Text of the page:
Decibel standards tough to enforce

I live on Jacksonville Highway between Medford and Jacksonville. Because of the location of my home I am subject to a fair amount of noise from the traffic and can't help but notice that the majority of motorcycles are ridiculously loud. A vehicle can be cited for being too loud and yet motorcycles are unbelievably loud.

And thanks to our beautiful summer weather and gorgeous landscape, my summer mornings, afternoons and evenings are marred by the roar of what seem to be mostly "over the hill," "recapturing their youth" men who travel in huge packs thereby making the noise last sometimes for nearly five minutes!

Maybe, due to the average age of these guys, they need the volume turned up so they can hear themselves and stir up all that testosterone, but I just wonder why it is allowed. It would sure be nice to hear the birds while I still have my hearing!

— B.B, Central Point

Without any editorial comment toward your description of motorcycle riders, I'll address your issue regarding vehicle noise. Oregon Revised Statutes 815.250 covers operating without a proper exhaust system. It states that a person commits the offense of operation without proper exhaust system if the person drives or moves on any highway a motor vehicle that is not equipped with an exhaust system that meets the requirements under this section:

  • The exhaust system must be in good working order.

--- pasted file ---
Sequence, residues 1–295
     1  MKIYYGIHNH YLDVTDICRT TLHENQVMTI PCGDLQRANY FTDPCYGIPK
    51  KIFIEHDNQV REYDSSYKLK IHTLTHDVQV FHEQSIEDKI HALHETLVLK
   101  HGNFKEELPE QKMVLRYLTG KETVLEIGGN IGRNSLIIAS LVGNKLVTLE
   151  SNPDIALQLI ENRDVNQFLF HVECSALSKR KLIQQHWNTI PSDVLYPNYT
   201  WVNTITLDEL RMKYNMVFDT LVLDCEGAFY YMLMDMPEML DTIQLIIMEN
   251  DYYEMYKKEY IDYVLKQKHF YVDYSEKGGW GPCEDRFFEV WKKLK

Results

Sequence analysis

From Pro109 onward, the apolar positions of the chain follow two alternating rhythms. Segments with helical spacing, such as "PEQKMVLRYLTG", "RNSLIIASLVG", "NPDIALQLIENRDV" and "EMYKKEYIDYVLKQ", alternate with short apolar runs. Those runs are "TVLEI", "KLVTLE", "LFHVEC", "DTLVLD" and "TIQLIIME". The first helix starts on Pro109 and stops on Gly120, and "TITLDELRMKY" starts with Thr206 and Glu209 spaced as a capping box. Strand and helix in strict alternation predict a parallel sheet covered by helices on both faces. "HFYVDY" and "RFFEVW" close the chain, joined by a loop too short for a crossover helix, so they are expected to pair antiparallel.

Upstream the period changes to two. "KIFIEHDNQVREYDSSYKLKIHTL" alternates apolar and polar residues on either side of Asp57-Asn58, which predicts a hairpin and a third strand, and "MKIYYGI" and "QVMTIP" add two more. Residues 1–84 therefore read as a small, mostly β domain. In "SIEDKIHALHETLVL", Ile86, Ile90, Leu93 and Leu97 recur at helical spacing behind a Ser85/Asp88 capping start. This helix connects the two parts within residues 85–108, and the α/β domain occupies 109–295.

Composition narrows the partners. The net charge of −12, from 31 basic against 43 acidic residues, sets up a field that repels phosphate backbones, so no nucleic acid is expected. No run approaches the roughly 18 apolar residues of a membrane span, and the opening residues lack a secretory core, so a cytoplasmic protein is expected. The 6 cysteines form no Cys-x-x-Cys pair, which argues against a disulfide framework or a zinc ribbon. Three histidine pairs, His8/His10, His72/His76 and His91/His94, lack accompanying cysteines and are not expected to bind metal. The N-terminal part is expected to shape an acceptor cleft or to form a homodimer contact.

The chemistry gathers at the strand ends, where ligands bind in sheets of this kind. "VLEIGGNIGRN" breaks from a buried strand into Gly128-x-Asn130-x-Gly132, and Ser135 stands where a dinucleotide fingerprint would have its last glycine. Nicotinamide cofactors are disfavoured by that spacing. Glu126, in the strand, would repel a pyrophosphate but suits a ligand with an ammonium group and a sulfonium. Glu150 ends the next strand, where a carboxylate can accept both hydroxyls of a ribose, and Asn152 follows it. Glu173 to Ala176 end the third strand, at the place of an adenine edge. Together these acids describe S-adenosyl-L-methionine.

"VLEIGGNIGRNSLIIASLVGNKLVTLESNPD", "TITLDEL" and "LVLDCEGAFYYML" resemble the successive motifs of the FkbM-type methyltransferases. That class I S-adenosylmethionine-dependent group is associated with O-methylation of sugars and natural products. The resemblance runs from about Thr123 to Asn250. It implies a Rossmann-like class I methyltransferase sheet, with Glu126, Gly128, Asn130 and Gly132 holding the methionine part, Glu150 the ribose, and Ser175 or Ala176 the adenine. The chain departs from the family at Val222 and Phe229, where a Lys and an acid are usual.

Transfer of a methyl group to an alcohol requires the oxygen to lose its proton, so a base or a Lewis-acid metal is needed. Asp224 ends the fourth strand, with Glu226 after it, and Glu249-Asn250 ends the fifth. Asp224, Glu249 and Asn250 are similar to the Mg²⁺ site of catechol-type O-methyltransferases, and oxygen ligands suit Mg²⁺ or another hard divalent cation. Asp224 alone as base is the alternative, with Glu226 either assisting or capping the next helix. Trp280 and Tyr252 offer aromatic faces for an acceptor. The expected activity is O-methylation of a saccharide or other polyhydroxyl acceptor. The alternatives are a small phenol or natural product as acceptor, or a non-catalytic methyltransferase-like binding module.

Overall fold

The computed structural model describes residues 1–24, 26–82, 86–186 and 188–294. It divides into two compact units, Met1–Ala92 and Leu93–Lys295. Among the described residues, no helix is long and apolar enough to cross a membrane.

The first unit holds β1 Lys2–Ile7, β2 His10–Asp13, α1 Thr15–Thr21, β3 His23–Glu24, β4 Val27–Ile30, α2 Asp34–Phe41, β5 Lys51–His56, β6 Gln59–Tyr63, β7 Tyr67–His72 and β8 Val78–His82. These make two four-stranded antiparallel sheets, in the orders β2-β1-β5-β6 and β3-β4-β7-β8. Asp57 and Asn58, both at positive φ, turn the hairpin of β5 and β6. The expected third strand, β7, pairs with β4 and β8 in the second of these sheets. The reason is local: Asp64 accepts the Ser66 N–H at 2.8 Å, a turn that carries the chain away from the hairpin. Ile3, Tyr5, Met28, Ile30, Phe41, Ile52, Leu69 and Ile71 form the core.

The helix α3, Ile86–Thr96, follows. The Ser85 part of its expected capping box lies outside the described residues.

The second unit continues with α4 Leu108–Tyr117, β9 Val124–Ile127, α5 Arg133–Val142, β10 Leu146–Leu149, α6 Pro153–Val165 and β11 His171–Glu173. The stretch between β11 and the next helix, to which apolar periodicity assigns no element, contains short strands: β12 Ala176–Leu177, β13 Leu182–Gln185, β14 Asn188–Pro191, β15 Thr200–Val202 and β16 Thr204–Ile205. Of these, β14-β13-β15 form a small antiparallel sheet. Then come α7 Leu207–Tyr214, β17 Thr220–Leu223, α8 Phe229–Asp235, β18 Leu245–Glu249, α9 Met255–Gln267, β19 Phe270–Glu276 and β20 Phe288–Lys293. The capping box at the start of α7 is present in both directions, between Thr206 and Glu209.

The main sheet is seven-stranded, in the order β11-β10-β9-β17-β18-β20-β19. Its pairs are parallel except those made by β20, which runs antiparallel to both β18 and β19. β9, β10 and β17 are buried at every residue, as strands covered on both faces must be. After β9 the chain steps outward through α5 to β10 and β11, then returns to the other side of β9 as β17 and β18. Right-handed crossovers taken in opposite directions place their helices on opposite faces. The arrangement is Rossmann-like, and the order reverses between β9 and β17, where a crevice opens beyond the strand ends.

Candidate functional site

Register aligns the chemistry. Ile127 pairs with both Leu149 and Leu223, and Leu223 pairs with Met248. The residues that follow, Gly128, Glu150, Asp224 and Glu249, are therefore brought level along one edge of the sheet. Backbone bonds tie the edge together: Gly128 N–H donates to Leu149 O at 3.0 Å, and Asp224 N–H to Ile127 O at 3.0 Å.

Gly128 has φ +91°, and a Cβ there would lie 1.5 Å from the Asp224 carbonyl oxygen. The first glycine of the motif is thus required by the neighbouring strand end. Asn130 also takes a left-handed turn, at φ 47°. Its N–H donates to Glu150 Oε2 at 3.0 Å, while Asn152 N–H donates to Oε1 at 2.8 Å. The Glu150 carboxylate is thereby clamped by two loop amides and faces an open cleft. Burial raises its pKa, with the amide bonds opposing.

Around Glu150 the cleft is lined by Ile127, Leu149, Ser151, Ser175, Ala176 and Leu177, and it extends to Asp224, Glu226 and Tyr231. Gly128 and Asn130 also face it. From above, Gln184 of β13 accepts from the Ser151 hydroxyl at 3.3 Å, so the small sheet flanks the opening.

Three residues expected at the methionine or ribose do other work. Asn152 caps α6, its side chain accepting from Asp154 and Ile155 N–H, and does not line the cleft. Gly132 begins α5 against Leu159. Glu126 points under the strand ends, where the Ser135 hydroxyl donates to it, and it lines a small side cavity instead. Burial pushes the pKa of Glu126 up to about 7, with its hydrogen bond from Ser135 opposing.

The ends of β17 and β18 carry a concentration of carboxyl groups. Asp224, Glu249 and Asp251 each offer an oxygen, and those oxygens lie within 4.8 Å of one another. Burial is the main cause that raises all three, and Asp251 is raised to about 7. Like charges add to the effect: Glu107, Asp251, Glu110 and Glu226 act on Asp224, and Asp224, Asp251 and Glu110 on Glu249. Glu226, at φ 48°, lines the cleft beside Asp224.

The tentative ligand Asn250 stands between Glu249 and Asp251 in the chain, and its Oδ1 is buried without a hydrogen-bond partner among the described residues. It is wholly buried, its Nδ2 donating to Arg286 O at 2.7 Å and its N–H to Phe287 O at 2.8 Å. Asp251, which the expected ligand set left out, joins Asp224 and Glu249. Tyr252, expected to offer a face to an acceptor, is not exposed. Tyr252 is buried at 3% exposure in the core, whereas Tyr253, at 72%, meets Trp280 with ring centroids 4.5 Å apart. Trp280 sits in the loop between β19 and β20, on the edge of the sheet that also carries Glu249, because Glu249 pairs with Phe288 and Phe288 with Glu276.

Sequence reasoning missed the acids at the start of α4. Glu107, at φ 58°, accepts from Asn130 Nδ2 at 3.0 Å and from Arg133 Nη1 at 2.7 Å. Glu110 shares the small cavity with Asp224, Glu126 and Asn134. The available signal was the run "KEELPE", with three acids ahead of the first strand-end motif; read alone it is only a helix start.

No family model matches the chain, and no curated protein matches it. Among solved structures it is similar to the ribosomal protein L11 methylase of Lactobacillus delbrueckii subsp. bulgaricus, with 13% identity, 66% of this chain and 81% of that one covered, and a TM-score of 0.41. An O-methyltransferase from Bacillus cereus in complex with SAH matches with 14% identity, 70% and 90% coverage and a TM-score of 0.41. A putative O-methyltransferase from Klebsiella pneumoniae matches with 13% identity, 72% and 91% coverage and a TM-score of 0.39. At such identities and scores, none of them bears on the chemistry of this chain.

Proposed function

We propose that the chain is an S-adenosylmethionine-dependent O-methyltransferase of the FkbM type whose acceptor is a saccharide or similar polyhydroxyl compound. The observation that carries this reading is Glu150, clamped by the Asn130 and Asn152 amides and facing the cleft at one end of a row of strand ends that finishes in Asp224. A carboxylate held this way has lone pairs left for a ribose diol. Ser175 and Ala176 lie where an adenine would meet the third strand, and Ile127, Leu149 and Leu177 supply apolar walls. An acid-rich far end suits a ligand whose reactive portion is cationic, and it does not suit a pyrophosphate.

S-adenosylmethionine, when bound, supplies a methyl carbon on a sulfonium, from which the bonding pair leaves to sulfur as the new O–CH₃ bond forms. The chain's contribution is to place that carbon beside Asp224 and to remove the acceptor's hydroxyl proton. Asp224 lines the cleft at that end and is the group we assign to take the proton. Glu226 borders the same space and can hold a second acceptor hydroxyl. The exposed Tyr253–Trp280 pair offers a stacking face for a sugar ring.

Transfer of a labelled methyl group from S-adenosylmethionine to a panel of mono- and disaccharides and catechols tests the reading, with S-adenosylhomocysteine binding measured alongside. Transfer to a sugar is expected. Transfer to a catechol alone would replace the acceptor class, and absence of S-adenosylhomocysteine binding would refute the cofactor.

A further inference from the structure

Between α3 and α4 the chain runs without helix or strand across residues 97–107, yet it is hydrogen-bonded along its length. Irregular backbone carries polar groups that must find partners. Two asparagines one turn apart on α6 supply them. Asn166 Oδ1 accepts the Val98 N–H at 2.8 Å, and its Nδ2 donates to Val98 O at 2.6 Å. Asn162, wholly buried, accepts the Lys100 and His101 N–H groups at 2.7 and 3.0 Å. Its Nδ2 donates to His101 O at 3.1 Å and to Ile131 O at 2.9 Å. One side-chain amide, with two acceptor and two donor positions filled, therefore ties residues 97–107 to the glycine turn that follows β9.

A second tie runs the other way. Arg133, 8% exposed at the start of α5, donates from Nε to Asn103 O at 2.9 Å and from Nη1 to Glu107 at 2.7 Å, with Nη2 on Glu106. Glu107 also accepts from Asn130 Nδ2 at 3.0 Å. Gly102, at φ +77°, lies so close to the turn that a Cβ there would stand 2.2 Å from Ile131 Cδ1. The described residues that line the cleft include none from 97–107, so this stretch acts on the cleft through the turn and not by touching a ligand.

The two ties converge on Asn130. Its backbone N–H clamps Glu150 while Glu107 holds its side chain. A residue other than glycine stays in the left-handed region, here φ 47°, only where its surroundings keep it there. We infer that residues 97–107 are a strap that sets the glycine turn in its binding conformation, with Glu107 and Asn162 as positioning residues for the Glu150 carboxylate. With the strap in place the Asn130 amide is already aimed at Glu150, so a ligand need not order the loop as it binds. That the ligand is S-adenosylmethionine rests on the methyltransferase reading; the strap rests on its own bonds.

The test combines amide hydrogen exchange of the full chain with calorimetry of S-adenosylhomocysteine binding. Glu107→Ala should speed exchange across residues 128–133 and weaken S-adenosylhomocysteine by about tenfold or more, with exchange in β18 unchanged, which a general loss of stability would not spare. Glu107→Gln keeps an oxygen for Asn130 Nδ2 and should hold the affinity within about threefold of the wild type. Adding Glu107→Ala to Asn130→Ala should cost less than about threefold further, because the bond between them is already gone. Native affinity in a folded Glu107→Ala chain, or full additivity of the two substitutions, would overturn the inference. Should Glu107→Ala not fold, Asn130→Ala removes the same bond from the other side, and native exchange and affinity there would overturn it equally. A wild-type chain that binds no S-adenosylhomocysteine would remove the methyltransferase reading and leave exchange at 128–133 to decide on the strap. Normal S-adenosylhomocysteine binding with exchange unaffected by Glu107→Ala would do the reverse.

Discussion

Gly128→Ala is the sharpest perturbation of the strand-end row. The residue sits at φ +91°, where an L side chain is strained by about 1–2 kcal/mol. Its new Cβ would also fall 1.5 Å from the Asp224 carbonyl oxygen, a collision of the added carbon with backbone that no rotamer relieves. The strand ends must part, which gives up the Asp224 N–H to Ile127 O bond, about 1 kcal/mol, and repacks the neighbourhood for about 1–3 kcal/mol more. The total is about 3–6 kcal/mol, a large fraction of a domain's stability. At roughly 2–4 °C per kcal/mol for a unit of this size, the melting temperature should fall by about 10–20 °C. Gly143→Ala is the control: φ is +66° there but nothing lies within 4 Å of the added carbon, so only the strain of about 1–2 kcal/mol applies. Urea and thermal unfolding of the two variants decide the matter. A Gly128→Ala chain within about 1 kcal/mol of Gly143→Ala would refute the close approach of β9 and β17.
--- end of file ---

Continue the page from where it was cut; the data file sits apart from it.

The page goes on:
• The exhaust system must be in constant operation.
  • The exhaust system must meet noise emission standards based upon a stationary test conducted at a distance of 25 feet.

Under the third requirement listed above, for motorcycles, the maximum decibel level for pre-1976 models is 94 decibels, for 1976 models the level is 91 decibels, and for post-1976 models is 89 decibels.

Violations of this statute are a Class C traffic violation, bail being $145.

The main problems with enforcing this statute for us, is that what exactly does greater than 89 decibels of noise sound like?

Without decibel meters to give a specific number to which we could testify, it would be difficult to cite and defend the citation. I would have a hard time citing based upon my opinion that it sounded too loud.

It's like citing people with tinted windows by saying that they looked too dark without having the meter to test the window and give us an exact percentage of light coming through the window to compare to the legal tint allowances.

Maybe with the coming budget year I'll search for the cost of decibel meters and see if I can add a few to our array of equipment. But until then, unless the exhaust system is not working at all or not in constant operation, it will remain a difficult law for us to enforce.

Dace Cochran, a patrol sergeant with the Jackson County Sheriff's Department, writes a weekly Q&A column on police issues for the Mail Tribune. Have a question for him? Write to Mail Tribune Newsroom, P.O. Box 1108, Medford, OR 97501, or e-mail

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